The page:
Pinchas’ Legal Precedent
Towards the end of this week’s parsha, we see Israel’s apostasy at Ba’al Pe’or – “Israel became attached to Baal Peor, and the anger of the Lord flared against Israel” (Bemidbar 25:3).
Moshe and his followers seem to be paralyzed with inactivity- “Then an Israelite man came… before the eyes of Moses and before the eyes of the entire congregation of the children of Israel, while they were weeping…” (ibid 6).
However, one man took action: “Pinchas the son of Eleazar the son of Aaron the kohen saw this, arose from the congregation, and took a spear in his hand” (ibid 7) and saved the day.
The rabbis debate the legality of Pincha’s actions, nevertheless Rashi says that that Pinchas’ actions were legal. On the words “Pinchas…saw”, Rashi states: “He saw the deed and reminded himself of the law. He said to Moses, “I learned from you, ‘If someone cohabits with an Aramean [heathen] woman, zealots have a right to strike him [dead].’ ”
Based upon this law, Pinchas takes his spear and executes the cohabiting couple.
Nevertheless, this law does not appear anywhere within the Bible, Mishna or other Jewish legal texts. On what legal basis could Pinchas have executed the sinful couple in this manner?.
It is possible that Rashi bases his ruling on a legal precedent from the episode of the Golden Calf. Moshe had called upon zealous men to act upon the rebellion saying: “So said the Lord, the God of Israel: 'Let every man place his sword upon his thigh and pass back and forth from one gate to the other in the camp, and let every man kill his brother, every man his friend, every man his kinsman (Shemot 32:27).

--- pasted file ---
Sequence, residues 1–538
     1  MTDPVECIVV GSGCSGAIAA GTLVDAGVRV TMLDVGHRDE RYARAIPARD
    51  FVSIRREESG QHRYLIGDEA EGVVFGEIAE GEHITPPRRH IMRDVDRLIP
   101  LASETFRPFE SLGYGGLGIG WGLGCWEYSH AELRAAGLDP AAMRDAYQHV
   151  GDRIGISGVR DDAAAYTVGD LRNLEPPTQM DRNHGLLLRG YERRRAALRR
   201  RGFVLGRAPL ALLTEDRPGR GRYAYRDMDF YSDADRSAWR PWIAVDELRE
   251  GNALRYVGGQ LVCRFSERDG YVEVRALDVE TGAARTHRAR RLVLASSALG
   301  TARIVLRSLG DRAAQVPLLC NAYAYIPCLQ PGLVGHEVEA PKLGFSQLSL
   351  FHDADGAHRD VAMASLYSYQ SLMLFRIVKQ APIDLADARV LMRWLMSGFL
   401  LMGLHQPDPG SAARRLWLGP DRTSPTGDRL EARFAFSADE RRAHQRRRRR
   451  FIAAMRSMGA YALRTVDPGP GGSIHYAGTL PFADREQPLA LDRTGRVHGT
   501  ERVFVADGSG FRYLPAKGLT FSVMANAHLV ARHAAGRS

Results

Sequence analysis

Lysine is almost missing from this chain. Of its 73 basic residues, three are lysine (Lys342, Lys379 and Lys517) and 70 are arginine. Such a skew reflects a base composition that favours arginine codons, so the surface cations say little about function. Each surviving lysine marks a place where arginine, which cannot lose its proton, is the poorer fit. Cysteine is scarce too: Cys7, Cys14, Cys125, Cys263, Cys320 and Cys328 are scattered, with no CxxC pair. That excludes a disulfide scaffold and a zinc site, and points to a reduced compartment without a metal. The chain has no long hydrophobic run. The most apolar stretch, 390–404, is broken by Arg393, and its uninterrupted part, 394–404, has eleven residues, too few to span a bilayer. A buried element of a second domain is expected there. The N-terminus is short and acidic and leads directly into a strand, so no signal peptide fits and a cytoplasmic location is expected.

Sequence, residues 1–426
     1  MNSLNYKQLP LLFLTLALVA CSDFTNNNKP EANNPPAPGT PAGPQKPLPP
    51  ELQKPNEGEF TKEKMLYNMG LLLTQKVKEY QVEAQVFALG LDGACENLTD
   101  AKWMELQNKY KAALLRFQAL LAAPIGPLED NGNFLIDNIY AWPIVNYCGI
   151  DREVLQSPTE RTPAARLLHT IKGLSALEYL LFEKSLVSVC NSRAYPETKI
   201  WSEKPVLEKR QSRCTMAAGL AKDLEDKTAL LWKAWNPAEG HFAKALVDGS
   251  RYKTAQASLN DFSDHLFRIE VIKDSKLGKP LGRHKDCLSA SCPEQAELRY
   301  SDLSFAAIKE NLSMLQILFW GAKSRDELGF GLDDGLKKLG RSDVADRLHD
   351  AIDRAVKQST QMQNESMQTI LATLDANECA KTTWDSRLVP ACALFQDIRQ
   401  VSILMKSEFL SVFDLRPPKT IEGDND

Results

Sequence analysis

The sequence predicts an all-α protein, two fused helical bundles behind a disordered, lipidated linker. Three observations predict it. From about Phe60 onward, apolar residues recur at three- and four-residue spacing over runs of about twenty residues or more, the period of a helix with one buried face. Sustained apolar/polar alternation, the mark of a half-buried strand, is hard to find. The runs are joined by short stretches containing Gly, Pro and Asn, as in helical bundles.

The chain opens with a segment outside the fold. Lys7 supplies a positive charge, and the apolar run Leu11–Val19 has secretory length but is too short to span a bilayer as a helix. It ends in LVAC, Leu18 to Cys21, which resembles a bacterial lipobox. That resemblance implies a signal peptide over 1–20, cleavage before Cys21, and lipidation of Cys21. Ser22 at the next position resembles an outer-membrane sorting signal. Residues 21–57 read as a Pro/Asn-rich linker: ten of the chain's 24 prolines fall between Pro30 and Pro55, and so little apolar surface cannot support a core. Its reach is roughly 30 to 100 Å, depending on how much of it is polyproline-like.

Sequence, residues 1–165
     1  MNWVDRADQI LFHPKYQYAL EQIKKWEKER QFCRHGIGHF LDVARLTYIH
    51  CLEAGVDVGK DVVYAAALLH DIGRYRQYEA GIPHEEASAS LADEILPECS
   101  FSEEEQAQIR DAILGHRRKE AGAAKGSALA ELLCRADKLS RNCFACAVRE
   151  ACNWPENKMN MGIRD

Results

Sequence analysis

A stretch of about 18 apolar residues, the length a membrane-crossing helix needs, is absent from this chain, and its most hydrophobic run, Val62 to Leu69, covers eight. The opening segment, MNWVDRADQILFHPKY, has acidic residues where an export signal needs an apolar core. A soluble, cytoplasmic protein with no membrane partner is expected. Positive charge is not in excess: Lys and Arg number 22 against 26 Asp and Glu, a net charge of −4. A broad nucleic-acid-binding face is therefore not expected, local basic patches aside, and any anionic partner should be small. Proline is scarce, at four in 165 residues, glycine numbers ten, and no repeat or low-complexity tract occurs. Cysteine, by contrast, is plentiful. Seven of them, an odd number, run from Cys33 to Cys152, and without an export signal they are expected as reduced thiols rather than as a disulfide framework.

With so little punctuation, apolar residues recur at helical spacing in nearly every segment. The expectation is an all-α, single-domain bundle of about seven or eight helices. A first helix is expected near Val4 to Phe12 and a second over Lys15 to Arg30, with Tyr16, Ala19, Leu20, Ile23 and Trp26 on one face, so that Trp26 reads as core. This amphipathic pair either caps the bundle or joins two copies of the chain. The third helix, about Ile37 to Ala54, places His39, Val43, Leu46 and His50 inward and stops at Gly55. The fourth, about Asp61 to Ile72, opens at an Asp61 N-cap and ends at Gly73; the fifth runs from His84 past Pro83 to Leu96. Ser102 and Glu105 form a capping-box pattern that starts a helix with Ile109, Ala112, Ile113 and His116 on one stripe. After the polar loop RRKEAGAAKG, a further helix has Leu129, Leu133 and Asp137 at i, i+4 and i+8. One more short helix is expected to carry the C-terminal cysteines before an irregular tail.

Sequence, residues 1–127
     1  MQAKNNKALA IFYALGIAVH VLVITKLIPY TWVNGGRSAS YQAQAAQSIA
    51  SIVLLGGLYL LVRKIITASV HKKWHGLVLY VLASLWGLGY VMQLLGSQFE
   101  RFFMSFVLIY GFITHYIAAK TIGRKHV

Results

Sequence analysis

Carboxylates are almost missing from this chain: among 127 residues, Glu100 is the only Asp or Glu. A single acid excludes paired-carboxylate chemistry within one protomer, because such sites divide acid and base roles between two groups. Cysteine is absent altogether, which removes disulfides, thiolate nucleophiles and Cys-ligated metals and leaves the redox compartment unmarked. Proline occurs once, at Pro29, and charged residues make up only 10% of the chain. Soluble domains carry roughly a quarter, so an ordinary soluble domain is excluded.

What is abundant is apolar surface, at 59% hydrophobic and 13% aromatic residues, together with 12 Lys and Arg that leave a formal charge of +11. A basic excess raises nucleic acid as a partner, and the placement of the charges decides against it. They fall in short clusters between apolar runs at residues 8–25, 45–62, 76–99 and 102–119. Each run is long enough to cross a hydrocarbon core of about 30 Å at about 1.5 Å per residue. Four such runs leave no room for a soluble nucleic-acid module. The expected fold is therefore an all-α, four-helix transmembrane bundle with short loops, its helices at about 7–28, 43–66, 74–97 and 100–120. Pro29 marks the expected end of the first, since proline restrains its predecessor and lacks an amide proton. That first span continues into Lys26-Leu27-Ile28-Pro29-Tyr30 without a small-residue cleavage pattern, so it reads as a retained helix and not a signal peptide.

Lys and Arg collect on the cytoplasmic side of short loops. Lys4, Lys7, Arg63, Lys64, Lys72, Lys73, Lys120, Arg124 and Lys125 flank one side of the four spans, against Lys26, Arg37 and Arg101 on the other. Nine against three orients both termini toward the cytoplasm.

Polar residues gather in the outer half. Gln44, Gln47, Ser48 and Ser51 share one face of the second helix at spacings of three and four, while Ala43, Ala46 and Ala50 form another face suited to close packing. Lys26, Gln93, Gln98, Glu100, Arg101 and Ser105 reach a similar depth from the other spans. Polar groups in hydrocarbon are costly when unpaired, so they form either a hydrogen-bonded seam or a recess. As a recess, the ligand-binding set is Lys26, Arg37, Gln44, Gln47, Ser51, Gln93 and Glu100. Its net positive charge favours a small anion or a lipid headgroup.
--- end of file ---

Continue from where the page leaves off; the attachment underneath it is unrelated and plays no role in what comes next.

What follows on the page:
The apostasy at Ba’al Pe’or has parallels with the apostasy of the Golden Calf. To begin with, both incidents recall Israel’s worship of other gods. Furthermore, both incidents included adulterous fertility rites (see Rashi on ibid 6).
Moshe also treated the people in a similar fashion to the woman suspected of adultery for “he took the calf they had made, burned it in fire, ground it to fine powder, scattered [it] upon the surface of the water, and gave [it to] the children of Israel to drink” (ibid 20).
Indeed, the Bible often compares idol worship to that of adultery – Israel’s unfaithfulness by being with other gods is comparable to someone’s infidelity with another partner. Additionally, some opinions consider the purpose of the Two Tablets of the Covenant to compare the first five statements of the Ten Commandments to the second five. The second commandment on the first tablet forbade idol worship, while the second commandment on the second tablet forbade adultery.
Therefore, the adulterous cohabitation of the Israelite and the Moabite at Ba’al Peor was comparable to the apostasy at the Golden Calf. In that instance, Moshe ordered the summary execution of the guilty. Based on that legal precedent, Pinchas reacted, making his extra-judicial act legal.
Last years' Sedra Short on Parshat Balak, entitled: "Balak's Fear” appears at http://parshablog.blogspot.com/2006_07_01_archive.html.